Appellee The Bank of New York Mellon, f/k/a The Bank of New York brought a foreclosure proceeding against Appellants J.M. and and Kathy Shrewsbury. The Bank was not the original mortgagee; it received the Shrewsbury mortgage by an assignment from the original mortgagee. The Shrewsburys answered the complaint asserting that the note representing the debt secured by the mortgage had not been assigned to The Bank. They further asserted that since the note had not been assigned to The Bank, it did not have the right to enforce the underlying debt and, therefore, did not have the right to foreclose on the mortgage. The Superior Court rejected the Shrewsburys' argument and granted summary judgment to The Bank. The narrow question presented on appeal was whether a party holding a mortgage must have the right to enforce the obligation secured by the mortgage in order to conduct a foreclosure proceeding. After review, the Supreme Court held that a mortgage assignee must be entitled to enforce the underlying obligation which the mortgage secures in order to foreclose on the mortgage. Accordingly, the Court reversed the trial court and remanded for further proceedings. View "Shrewsbury v. The Bank of New York Mellon" on Justia Law
In 2003, a default judgment was entered in the Court of Common Pleas against appellant Sharon Knott, in favor of appellee LVNV Funding, LLC. The Creditor did not attempt to execute on the judgment for more than nine years, until the Creditor moved to refresh the judgment in 2012. Throughout the proceedings, Knott argued that 10 Del. C. sec. 5072 acted acts as a statute of limitations that requires the holder of a judgment to seek to execute on the judgment within the first five years after the judgment is entered. The Superior Court rejected that argument, relying on a decision of a Commissioner finding that the five year limit in 5072 did not operate as a statute of limitations, but was merely a time period after which a judgment creditor had to affirmatively ask the Superior Court to refresh the judgment in its discretion, rather than the judgment creditor being entitled to execute on the judgment as of right. At oral argument on appeal, the parties acknowledged for the first time that perhaps the relevant statute was actually 10 Del. C. sec. 5073. But Knott argued that the result was the same under either statute, because both statutes imposed a five year period of limitations on the collection of judgments. Disagreeing with Knott's argument, the Supreme Court affirmed the Superior Court. View "Knott v. LVNV Funding, LLC" on Justia Law
This case arose from a dispute over certain property subject to a foreclosure. At issue was whether the parol evidence rule required that a person who claimed to hold a "purchase money mortgage" must prove his purchase money mortgage holder status solely by reference to the mortgage instrument itself. The court concluded that, in this case, the recorded deed and purchase money mortgage established that the sellers' mortgage satisfied, at least prima facie, all three requirements of 25 Del. C. 2108. Moreover, the mortgage contained no subordination language that would relinquish priority to the third party lenders. Therefore, the presumption that the sellers' mortgage was a purchase money mortgage entitled to statutory priority standards stood unrebutted. By applying the parol evidence rule to reach a contrary conclusion, the Superior Court erred as a matter of law. View "Galantino v. Baffone" on Justia Law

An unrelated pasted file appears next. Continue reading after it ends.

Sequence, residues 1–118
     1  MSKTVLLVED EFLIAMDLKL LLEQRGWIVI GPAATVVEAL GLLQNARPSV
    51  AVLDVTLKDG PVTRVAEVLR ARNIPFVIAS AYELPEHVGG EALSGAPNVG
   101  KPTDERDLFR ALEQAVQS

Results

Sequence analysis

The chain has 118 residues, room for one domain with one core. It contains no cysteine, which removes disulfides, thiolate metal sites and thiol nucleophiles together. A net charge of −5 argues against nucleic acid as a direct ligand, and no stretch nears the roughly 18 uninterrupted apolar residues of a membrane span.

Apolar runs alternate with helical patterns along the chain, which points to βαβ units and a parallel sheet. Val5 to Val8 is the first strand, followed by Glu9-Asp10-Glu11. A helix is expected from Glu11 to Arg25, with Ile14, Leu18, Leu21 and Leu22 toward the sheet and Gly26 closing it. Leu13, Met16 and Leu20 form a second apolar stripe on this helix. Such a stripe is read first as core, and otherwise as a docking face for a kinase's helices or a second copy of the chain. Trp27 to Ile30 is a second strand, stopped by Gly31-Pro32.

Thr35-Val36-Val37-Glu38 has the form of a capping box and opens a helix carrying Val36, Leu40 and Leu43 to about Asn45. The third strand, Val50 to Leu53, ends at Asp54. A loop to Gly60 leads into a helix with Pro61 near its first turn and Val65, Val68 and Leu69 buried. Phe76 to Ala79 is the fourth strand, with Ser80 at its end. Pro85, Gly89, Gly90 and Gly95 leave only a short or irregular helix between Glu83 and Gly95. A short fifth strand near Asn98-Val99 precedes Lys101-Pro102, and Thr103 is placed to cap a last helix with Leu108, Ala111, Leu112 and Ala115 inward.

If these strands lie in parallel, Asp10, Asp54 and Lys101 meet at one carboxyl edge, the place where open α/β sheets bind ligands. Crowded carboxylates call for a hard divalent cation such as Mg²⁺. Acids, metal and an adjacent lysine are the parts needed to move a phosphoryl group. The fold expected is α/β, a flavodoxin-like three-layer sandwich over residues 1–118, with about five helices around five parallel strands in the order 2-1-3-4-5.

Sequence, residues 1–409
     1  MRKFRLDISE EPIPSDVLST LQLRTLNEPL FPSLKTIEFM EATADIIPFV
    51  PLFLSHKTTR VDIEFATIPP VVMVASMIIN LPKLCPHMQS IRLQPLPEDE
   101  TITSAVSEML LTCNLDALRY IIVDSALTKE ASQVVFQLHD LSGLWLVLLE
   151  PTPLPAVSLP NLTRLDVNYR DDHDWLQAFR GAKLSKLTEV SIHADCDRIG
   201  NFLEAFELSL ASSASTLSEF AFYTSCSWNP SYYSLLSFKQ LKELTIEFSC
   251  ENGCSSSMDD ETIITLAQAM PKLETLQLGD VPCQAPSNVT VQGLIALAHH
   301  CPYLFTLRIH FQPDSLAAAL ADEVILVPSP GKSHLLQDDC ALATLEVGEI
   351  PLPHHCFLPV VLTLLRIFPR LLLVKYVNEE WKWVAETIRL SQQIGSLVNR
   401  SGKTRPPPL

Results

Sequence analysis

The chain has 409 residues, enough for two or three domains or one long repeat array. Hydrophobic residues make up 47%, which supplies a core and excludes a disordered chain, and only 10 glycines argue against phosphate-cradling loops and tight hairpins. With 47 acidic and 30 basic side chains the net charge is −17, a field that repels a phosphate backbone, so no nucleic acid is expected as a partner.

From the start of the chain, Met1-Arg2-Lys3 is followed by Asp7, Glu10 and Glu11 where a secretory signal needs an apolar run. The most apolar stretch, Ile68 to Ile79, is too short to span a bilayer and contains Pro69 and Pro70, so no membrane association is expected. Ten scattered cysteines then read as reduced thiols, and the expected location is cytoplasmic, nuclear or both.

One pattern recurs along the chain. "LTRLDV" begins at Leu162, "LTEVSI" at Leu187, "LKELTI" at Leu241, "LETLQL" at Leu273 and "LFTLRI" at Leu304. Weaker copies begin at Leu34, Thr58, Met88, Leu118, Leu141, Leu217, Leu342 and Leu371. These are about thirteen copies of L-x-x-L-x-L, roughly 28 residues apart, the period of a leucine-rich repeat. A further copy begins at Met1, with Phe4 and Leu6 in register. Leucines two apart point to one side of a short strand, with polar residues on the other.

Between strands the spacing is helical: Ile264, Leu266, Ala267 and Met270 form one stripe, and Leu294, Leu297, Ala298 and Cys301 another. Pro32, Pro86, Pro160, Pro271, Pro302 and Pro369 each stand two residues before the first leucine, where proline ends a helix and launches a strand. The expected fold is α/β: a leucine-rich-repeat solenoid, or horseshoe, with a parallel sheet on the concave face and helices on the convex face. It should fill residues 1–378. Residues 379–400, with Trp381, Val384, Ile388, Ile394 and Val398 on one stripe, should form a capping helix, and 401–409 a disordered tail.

ConAgra Foods, Inc. ("ConAgra") sued Lexington Insurance, Co. ("Lexington") alleging breach of contract and breach of the implied duty of good faith and fair dealing. ConAgra's claims arose from the alleged 2007 contamination of certain Peter Pan and Great Value peanut butter products that ConAgra manufactured. ConAgra subsequently sought coverage under its insurance policy with Lexington for personal injury claims arising from its contaminated products and Lexington denied coverage. At issue was whether the provision in the insurance policy provided coverage in light of the "lot or batch" provision in the policy. The court held that the "lot or batch" provision was ambiguous where, under one of the two reasonable interpretations, Lexington's duties to defend and indemnify were triggered. The court also held that, because the policy arguably provided coverage to ConAgra, Lexington's duty to defend was thereby triggered when ConAgra satisfied the applicable "retained limit" for a single "occurrence." Accordingly, the court reversed and remanded to ascertain the intent underlying the ambiguous policy language for purposes of determining whether there was ultimate policy coverage.